Agnes Keleti, the oldest living Olympic champion, turns 99
She's still going strong
By Pablo Gorondi
BUDAPEST, Hungary (AP) — Although she turned 99 on Thursday, even a 9-year-old would have a hard time keeping up with Agnes Keleti’s irrepressible energy and enthusiasm.
Keleti is the oldest living Olympic champion and a Holocaust survivor. She won 10 medals in gymnastics — including five golds — at the 1952 Helsinki Games and at the 1956 Melbourne Games.
Still, speaking on the eve of her birthday at her elegant apartment in downtown Budapest, Keleti hardly wanted to mention her achievements and her long life, which includes adventures and great accomplishments, but also heartbreak and tragedy.
Keleti’s family was decimated during the Holocaust, which she survived thanks in part to assuming a false identity and working as a maid. While her mother and sister also survived, her father and uncles perished at Auschwitz and were among the 550,000 Hungarian Jews killed in Nazi death camps, Hungarian forced labor battalions, ghettos or shot to death into the Danube River.
“The past? Let’s talk about the future,” Keleti said. “That’s what should be beautiful. The past is past but there is still a future.”
Even her Olympic memories seem to center not on her athletic prowess — among Jewish athletes, only American swimmers Mark Spitz and Dara Torres have won more Olympic medals — but rather on the travel opportunities her sporting career offered.
“It’s not the medals that are significant but the experiences that came with them,” Keleti said while holding some of the nine medals she still has (one was reportedly lent to a journalist for a project and never returned). “I loved gymnastics because it was possible to travel for free.”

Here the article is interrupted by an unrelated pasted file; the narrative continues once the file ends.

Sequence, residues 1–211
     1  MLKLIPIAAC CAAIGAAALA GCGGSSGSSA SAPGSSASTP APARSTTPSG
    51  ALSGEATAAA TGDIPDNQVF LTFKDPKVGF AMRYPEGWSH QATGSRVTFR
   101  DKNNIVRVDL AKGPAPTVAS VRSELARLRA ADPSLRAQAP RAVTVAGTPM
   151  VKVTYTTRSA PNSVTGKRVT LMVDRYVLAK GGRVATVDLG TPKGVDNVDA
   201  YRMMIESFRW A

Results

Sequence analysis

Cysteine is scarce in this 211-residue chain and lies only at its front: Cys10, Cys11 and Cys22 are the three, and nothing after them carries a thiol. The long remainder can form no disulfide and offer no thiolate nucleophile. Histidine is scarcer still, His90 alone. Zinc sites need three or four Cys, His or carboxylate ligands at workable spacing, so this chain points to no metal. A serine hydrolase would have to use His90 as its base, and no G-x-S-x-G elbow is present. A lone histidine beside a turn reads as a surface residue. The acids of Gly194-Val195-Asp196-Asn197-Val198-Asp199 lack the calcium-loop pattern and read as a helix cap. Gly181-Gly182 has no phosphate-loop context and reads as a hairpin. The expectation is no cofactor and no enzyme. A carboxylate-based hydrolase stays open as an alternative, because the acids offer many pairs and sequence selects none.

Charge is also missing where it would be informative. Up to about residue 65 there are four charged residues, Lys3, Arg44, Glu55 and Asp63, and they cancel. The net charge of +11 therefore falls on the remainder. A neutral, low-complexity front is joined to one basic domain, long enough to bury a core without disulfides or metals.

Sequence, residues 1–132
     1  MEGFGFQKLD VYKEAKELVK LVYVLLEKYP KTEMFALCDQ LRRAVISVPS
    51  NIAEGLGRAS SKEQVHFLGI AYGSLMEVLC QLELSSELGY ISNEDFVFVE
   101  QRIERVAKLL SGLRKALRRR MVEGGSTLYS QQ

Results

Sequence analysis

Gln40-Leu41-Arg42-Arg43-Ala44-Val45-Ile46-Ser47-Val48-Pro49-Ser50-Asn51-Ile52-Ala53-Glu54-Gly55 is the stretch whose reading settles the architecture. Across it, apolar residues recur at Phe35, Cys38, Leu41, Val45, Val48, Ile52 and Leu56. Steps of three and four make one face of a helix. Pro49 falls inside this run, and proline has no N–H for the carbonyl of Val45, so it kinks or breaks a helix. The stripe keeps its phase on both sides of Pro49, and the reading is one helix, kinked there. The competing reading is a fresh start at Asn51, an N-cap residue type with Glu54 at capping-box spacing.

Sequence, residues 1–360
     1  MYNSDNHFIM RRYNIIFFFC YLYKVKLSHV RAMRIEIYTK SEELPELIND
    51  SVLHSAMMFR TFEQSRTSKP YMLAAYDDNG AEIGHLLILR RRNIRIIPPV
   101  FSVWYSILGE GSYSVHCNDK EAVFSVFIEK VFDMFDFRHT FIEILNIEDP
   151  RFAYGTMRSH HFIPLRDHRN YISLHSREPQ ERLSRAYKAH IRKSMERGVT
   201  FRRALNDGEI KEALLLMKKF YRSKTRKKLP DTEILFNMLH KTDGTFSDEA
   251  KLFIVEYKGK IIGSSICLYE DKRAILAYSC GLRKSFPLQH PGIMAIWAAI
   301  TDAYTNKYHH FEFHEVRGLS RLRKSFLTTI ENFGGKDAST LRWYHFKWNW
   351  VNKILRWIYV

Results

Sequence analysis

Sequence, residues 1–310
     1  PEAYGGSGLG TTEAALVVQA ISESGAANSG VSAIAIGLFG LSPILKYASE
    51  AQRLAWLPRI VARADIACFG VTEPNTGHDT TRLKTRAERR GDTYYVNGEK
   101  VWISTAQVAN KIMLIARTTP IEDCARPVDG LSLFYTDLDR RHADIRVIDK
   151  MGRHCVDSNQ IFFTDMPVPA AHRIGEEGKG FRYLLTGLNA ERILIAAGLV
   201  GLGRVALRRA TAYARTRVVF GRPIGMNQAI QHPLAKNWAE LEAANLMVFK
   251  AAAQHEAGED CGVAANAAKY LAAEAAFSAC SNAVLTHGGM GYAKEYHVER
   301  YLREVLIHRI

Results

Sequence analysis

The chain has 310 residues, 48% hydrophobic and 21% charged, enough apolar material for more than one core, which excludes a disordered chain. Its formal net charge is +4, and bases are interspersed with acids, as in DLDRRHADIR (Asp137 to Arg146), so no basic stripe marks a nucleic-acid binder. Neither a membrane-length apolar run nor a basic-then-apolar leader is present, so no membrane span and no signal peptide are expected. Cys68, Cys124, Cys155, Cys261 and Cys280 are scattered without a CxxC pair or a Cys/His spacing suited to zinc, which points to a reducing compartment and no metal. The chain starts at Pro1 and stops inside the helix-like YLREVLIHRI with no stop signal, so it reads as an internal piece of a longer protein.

Even standing on the podium to get her medals didn’t really appeal to her: “I didn’t want to show myself. I loved to do gymnastics.”
After winning a gold medal in the floor exercise at the Helsinki Games, as well as a silver in the team event and two bronzes, Keleti won three individual golds in Melbourne — balance beam, floor exercise and uneven bars — and another in a team event, while also winning silver in the all-around competition and another team event. She could have won even more but an injury kept her from competing at the 1948 London Olympics.
She doesn’t watch sports on television these days, not even the Olympics, which “aren’t very interesting. I prefer mountain climbing.”
The climbing days may be behind her but she seems most happy taking walks around Budapest, where she returned a few years ago after living for decades in Israel, or traveling to places like Barcelona, which she visited last year.
Keleti, who began her gymnastic career at the age of 4 and won her Olympic medals at the hard-to-believe ages of 31 and 35, was also a talented cello player and, after moving to Israel in 1957, taught gymnastics for years.
“I love children and I also love to teach them,” she said.
Asked about the most important thing children should learn, Keleti answered without hesitation: “The joy of life.”
Keleti, whose infectious laugh seems always ready to spring into action, has a favorite prank for those expecting to meet a frail, weak lady entering her 100th year. She extends her hand in greeting, makes sure her grip is good and tight, and suddenly yanks the unsuspecting “victim” toward her with surprising force.
“I’m strong,” she says with a big chuckle after the pull. “And silly!”
While she stopped doing full leg splits on the floor not long ago, she still does them standing up while holding her son Rafael’s hand, or sitting on a couch.
If there’s one issue she continues to have an opinion about, it’s the premature pressure and exhausting exercises young gymnasts may be exposed to.
“That’s not good,” Keleti said. “Tough gymnastics exercises damage their development. It shouldn’t be started early.
“Not to mention that, in the first place, it’s the children’s minds that should be developed, not their bodies.”
What did she do to train her mind?: “I studied languages and I saw the world.”
Keleti has been given a long series of prestigious awards in Hungary and Israel, including being one of Hungary’s 12 “Athletes of the Nation” since 2004 and getting the Israel Prize, considered that state’s highest honor, in 2017.
But, as with her Olympic medals, she doesn’t seem impressed by the recognition of her successes.
“I excelled?” she asks, almost incredulously. “I did what I could and that’s it.”
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